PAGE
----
What May Have Happened
The engines of the first two stages of this rocket burn for about two minutes each, so knowing the exact time at which the failure occurred can help us understand which stages were involved and may give clues as to the cause. As of now, this information has not been released. As an alternative, we can try to glean this information from the reported splashdown zones.
From reports in the past three weeks, the two most credible splashdown locations are these:
A. In a statement shortly following the launch, an official US report gave the splashdown point as 165 km west of Seoul. In particular, North American Aerospace Defense Command (NORAD) and US Northern Command stated that:
Initial indications are that the first stage of the missile fell into the sea 165 km west of Seoul, South Korea. The remaining stages were assessed to have failed and no debris fell on land. At no time were the missile or the resultant debris a threat.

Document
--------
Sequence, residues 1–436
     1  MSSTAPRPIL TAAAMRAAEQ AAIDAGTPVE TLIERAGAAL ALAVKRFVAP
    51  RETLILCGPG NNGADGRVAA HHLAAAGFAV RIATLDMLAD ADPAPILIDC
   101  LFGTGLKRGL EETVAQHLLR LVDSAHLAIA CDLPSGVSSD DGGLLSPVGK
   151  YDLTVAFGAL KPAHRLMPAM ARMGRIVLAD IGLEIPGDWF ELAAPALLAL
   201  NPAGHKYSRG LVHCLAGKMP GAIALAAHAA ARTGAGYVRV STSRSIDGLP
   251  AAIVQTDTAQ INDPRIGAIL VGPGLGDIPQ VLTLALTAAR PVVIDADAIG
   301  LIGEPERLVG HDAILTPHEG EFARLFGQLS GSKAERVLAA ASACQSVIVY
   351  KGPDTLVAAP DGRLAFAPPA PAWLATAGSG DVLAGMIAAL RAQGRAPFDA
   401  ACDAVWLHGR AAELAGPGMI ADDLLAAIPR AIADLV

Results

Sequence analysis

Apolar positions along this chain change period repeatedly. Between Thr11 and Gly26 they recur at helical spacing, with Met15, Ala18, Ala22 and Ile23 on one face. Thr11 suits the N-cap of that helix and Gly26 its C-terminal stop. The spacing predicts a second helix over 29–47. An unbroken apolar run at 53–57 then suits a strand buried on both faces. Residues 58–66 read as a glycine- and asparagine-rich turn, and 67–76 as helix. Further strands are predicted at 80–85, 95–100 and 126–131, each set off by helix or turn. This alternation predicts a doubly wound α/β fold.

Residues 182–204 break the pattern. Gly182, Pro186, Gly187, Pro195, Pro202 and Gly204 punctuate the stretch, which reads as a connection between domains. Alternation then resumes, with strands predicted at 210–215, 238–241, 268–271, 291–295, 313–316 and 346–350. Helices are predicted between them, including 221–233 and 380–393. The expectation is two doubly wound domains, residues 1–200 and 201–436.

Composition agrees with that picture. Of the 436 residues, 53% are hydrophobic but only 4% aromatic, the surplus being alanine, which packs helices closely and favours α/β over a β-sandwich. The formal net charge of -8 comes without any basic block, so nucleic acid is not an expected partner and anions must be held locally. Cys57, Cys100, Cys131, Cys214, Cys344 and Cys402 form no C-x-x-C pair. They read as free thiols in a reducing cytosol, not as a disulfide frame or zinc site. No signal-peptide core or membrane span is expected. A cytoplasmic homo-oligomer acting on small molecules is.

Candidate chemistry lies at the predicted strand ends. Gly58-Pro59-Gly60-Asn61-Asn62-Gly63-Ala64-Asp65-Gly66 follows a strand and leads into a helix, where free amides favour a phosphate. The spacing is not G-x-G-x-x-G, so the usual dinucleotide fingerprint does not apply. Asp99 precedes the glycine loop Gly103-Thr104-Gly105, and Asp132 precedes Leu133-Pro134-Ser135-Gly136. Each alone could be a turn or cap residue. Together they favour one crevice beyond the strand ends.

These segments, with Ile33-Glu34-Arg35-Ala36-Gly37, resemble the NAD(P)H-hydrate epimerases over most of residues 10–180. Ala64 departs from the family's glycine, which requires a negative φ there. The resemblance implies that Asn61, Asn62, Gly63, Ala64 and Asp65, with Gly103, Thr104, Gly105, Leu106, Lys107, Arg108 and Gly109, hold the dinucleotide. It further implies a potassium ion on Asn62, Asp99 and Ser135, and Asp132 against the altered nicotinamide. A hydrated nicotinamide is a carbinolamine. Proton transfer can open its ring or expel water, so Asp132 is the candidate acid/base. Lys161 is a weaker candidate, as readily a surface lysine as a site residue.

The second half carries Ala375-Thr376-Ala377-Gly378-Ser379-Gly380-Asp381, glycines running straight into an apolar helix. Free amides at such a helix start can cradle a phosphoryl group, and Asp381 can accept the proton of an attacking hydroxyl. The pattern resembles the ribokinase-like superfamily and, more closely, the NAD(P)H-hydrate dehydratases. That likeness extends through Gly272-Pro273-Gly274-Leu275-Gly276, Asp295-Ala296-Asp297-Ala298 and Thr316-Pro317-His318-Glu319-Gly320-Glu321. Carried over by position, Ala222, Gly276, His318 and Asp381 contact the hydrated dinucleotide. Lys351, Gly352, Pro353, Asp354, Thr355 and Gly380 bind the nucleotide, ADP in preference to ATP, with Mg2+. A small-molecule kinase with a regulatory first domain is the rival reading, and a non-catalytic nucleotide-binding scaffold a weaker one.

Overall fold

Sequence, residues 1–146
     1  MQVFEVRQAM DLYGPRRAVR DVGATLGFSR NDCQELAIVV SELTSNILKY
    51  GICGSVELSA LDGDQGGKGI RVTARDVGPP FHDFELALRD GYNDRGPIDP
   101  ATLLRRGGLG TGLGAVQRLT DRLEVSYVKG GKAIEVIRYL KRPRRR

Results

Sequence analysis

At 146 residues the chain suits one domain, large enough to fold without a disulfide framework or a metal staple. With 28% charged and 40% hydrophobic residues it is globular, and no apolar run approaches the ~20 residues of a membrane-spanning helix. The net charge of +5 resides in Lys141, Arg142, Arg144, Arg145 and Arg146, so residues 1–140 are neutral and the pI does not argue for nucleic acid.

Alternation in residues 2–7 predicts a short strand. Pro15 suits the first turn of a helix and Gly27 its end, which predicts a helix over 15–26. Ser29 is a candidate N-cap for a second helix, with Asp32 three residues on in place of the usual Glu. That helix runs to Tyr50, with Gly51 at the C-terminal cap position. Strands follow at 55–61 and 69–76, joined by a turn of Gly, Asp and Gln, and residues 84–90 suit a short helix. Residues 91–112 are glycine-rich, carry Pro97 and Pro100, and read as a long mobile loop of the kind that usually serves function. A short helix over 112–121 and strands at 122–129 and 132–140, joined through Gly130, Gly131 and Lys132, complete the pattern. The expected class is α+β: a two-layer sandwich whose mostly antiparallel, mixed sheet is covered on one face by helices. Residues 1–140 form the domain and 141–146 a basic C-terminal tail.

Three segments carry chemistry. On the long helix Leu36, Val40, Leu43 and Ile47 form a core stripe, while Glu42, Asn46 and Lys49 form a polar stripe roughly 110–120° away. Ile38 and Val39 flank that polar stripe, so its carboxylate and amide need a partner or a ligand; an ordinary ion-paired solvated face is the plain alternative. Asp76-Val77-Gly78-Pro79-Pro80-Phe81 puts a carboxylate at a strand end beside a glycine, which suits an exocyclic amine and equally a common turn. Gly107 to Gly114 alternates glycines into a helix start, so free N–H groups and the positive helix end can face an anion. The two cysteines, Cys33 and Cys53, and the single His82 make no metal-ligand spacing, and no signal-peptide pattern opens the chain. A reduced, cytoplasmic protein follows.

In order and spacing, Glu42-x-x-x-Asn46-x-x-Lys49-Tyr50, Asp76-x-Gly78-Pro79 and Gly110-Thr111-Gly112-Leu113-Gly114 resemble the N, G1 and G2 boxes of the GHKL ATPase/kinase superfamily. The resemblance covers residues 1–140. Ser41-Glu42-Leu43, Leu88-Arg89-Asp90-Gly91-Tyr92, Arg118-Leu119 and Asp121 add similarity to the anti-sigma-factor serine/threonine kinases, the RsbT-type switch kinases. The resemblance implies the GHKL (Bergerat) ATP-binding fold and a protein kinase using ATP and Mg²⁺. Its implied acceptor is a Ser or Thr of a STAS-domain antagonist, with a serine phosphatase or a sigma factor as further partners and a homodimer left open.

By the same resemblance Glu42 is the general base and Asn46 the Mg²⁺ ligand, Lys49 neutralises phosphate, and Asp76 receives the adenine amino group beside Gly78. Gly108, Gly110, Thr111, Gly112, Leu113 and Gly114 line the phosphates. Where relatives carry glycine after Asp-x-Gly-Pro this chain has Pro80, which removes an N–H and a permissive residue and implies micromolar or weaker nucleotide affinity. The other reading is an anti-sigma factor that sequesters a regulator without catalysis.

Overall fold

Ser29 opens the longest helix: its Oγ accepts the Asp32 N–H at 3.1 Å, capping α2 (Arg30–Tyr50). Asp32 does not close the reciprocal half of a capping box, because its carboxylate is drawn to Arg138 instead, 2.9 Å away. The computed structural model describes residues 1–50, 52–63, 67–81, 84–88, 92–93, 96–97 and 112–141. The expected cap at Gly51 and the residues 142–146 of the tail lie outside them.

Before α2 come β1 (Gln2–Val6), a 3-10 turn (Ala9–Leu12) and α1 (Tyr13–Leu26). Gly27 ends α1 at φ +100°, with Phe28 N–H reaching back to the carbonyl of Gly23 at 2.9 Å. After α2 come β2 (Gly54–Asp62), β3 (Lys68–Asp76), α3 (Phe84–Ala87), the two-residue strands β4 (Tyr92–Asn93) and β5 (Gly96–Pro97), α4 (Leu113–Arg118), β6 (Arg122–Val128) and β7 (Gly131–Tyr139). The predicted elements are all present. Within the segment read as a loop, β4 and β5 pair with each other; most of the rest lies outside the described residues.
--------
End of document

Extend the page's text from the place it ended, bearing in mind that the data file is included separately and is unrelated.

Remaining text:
This location would be roughly 300 km from the launch site.
B. However, South Korean reports have said that the splashdown occurred 200 km west of the South Korean city of Gunsan. This location would be about 400 km from the launch site and just short of the intended splashdown zone for the first stage announced by North Korea before the launch.
Based on these two locations, we can conclude several things:
- Several media have reported that sensors had detected an abnormal “flare” around the rocket at 81 seconds after launch. However, whatever happened at that point, which is unclear from the information publicly available, the rocket must have continued accelerating well past that point. We know this because if the engines had stopped at 81 seconds, then the debris would have fallen very close to the launch site—within 100 km—and therefore well short of either points A or B.